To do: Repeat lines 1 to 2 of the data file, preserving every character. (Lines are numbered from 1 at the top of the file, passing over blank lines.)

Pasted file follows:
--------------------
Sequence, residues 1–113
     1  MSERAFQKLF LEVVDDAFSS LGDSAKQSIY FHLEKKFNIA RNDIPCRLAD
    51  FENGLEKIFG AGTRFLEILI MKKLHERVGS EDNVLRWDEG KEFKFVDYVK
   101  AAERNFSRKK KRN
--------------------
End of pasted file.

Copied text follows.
Sequence, residues 1–113
     1  MSERAFQKLF LEVVDDAFSS LGDSAKQSIY FHLEKKFNIA RNDIPCRLAD